Materials and Methods

Laboratory Animals

All animal experiments were carried out in accordance with protocols approved by the Institutional Animal Care and Use Committee of the University of Texas at Dallas. Mice were housed (4–5 per cage) in a temperature-controlled facility (20–25°C) and maintained on a 12-h light/dark cycle (lights on: 6 a.m./lights off: 6 p.m.). Mice had ad-libitum access to food and water and were 8–12-weeks-old during the experiments (male, 25–30 g; female, 20–25 g). Transgenic mice expressing NLS-Cre recombinase under control of the endogenous Lyz2 promoter/enhancer elements (LysM) were obtained commercially from Jackson (Stock no: 004781). Characterization of these mice showed that heterozygous cre animals have no pain phenotype and normal electrophysiological properties (Clausen et al., 1999). Furthermore, transgenic mice expressing a loxP-flanked STOP cassette preventing expressing of tdTomato (red fluorescent protein) were purchased from Jackson (Stock no: 007909) and bred with LysMcre+ animals in-house (LysMcre+ × ROSA26LSLtdTomato = LysMtdT) and used for all behavioral and biochemical assays. All animals used were heterozygous for LysMcre and had at least one copy of tdTomato. All strains were backcrossed to maintain C57BL/6J genetic background with animals from Jackson Lab (stock no. 000664).

Surgical Procedures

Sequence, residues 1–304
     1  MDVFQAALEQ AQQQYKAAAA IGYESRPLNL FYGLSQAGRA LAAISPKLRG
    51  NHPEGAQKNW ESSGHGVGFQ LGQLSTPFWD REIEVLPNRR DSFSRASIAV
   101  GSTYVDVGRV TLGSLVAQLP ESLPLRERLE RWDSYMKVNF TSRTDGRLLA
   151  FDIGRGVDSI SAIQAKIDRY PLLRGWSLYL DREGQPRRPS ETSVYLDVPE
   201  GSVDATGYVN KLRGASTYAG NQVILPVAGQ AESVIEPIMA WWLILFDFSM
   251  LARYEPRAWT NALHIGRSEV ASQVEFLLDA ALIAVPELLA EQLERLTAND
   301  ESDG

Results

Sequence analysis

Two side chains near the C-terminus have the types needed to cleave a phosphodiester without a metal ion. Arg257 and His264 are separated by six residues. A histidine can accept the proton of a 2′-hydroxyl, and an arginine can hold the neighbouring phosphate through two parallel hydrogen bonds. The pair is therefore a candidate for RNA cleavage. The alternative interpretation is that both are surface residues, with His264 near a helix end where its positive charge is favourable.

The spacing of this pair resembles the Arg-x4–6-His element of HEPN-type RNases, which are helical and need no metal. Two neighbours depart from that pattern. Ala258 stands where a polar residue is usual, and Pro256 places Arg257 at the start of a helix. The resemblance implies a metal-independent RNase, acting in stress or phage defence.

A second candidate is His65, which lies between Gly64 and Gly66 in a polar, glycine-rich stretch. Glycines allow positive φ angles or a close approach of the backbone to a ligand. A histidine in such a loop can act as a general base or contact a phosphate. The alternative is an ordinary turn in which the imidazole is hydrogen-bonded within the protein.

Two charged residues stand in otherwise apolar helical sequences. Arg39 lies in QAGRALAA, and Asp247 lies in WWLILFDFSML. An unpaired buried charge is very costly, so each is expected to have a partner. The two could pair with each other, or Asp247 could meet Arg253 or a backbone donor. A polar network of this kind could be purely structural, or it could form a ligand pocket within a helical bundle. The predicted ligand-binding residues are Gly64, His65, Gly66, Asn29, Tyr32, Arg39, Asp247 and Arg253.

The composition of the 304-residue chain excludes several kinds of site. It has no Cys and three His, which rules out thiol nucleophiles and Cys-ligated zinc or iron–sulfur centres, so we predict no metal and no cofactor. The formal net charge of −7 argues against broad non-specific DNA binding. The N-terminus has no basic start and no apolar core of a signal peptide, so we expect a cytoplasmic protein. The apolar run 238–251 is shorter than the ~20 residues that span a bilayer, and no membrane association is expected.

The spared nerve injury (SNI) model of neuropathic pain was used. Baseline values for behavioral experiments were established 24-h prior to surgery. Mice were anesthetized under isoflurane anesthesia (1.0–2.5%). The ipsilateral thigh was shaved and cleaned with betadine (Dynarex, NY, USA; cat no. 1425) and 70% ethanol (Decon Labs, PA, USA; cat no. 2701). The skin and muscle of the ipsilateral thigh were incised with a #11 scalpel (Thermo Fisher, MA, USA; cat no. 22-079-691) and the sciatic nerve along its three branches (common peroneal, tibial, and sural) were exposed. A tight ligature using a 5-0 silk suture (VWR, PA, USA; cat no. MV-682) was placed around the proximal tibial and common peroneal branches, after which the nerves distal to the ligature were transected, taking care to not stretch or damage the sural nerve. The skin was closed using an auto clip (Fine Science Tools, CA, USA; cat no. 12022-09) and mice were returned to their home cages to recover (Decosterd and Woolf, 2000). Sham surgeries were done identically to the SNI surgery; however, no portion of the sciatic nerve was ligated or transected. Following surgery, mice are subcutaneously administered a single dose of Gentamicin (5 mg/mL) (Sigma-Aldrich, CA, USA; cat no. G1272) as a prophylactic antibiotic. All mice were then returned to their home cages for recovery and monitored daily.